First point is that you mention simulators (of course :-) ). I'm still so proud of my simulator models that I find you could mention them, especially since I have beginner models like a RET glider, parkflyers, the famous Slow Stick, and even a special beginner model from back when download page.
I even wrote an essay about learning to fly with a simulator as PDF. It's here.
The Reflex XTR simulator is still available, now as a convenient download from a web shop for "only" $99 (less than half as much as back then).
Unfortunately, I don't know of any official website, so there is only my review page. That doesn't detract from the simulator's quality, though.
By the way, today there are wireless transmitter adapters, effectively a receiver in a USB stick (mentioned in my Reflex review, second paragraph). (And needless to say that I'm not connected with Reflex or any other supplier.)
Second point is your consideration of beginner models. How we best learn to fly and with what kind of models, has become kind of an obsession for me. Ten years ago, I built my old beginner model (mentioned above) for the simulator and started to research this topic.
Reading your article, I see that technology has advanced a lot, but the basic problems are still the same (no wonder, people have not changed). And even though you may not share my historical (nostalgic) interest (obsession) it might be interesting for you to see 50 years old ideas and how they compare to your just as long experiences.
Anyway, just for what it's worth, here's what I found out:
Exactly 50 years ago, one of the best-known German model designers worked for one of the smaller German manufacturers. They agonized over the question how the perfect beginner model should look like because they felt the need to bring out a new trend-setting model.
As a first step, they inserted a very exceptional page in their 1967 catalog. It described how to choose a kit and bash it to get a well suited beginner model.
By the way, one remark there is "the more controls the more harm", similar to your advice.
Back then I built my beginner model (mentioned above) following this page and later called it VEBF when I wrote a comprehensive description of the simulator model (PDF here).
In the section "VEBF/The Original Sketch", the catalog page is discussed as well as the underlying idea of the usual learning process.
In the end the designer came up with new ideas of the learning process which actually caught on much later, when technology was more advanced. However, the new model he came up with became famous in short order: the Telemaster (the 6 ft version, later called Telemaster 40). In my Telemaster document, the new ideas are discussed in the short section "History/Sketch".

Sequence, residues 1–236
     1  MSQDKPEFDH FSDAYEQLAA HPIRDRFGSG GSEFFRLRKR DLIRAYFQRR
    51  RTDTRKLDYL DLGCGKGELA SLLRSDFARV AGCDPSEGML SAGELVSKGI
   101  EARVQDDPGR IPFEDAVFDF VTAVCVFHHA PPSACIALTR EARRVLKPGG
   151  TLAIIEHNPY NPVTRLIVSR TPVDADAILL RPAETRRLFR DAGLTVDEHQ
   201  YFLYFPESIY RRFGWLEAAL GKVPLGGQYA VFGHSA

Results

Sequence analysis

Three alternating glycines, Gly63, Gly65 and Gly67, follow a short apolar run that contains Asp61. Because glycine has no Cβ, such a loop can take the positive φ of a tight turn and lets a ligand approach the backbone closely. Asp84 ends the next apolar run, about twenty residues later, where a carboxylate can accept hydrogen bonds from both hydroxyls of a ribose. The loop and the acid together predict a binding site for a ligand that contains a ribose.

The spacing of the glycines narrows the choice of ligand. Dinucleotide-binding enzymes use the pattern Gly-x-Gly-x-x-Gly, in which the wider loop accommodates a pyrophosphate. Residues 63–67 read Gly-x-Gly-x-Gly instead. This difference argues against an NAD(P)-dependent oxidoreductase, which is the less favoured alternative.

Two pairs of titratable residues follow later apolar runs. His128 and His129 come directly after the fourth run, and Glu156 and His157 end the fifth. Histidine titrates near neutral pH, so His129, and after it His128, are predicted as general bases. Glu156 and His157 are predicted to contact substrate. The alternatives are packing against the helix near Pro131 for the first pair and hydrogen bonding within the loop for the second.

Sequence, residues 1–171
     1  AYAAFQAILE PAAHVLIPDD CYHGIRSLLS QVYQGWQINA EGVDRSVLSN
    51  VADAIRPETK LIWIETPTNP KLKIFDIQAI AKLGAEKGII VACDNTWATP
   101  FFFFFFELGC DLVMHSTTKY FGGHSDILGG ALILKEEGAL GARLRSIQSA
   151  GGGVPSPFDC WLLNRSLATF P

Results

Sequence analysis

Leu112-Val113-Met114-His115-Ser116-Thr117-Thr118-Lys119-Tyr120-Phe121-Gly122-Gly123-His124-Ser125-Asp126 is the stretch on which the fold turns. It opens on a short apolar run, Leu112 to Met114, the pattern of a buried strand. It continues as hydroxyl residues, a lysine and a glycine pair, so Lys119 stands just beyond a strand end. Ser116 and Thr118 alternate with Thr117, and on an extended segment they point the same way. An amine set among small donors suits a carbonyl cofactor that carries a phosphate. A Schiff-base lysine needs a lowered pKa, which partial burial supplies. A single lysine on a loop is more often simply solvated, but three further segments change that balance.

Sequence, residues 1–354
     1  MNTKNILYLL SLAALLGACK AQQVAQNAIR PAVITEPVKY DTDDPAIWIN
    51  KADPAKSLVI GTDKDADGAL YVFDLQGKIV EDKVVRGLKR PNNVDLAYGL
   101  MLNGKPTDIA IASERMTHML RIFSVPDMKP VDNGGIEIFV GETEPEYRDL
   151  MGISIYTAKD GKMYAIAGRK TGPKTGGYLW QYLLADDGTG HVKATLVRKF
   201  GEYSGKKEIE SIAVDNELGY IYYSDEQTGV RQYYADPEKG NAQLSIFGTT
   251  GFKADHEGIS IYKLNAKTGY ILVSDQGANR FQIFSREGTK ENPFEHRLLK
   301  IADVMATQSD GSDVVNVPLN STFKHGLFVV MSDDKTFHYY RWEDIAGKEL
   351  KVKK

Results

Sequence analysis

The Telemaster's famous slow-motion behavior, stemming from its size, design, and lightweight construction, is not emphasized in this section but should be well known. Even though the trend-setting in new learning processes did not work back then (the new ideas were not promoted, either), the Telemaster has several proponents among flight instructors.
Not to keep you busy, but just because you might find it interesting. And again thanks a lot for your articles!
Wow, that is some pretty interesting information you have there.
I really enjoyed the 1967 Learn to Fly RC article. Seems like we haven't moved all that far in the last 40 years.
Your simulator beginner’s model is so very much like my newest designed trainer, I can't believe it!
I call my 'new' trainer the RUA 2-4-10. That is Really Ugly Airplane two for ten dollars (US). That is the cost for two airframes, no wheels, radio or power system.
It is based on the concept of the Power of Two. The reason it is so 'ugly' is so that a student will feel no love loss upon banging it up.
It is easily built and can be easily flown by a beginner.
I fondly remember working on an English translation of how to create planes for XTR, although not speaking or reading German was a bit of a hindrance. Thanks to you, I managed to do it and the translation is still ‘out there’ on the Internet.